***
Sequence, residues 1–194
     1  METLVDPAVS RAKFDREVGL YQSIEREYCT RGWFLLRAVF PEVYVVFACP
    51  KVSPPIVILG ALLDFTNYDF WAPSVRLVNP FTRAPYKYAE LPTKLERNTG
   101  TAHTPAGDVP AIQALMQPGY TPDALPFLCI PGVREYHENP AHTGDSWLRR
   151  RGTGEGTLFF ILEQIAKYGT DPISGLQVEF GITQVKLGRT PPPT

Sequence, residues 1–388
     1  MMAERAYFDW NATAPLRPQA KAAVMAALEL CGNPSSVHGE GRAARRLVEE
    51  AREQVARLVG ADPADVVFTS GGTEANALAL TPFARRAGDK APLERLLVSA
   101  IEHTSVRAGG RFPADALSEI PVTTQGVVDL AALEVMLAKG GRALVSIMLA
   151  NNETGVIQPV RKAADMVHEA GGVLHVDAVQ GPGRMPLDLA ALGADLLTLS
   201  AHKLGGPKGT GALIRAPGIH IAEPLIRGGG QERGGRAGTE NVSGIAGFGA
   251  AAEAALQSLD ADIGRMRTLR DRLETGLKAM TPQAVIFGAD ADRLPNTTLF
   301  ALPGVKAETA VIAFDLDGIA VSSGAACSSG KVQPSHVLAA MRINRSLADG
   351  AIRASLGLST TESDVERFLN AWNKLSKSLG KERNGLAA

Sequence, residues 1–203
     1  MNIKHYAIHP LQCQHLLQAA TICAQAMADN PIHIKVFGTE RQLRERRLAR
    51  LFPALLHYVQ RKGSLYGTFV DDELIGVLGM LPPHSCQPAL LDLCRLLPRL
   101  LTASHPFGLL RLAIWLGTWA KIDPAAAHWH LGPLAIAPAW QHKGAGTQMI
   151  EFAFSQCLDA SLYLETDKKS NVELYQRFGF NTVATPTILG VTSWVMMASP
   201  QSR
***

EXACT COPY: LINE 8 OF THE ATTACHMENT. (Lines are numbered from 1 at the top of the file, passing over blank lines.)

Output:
    51  AREQVARLVG ADPADVVFTS GGTEANALAL TPFARRAGDK APLERLLVSA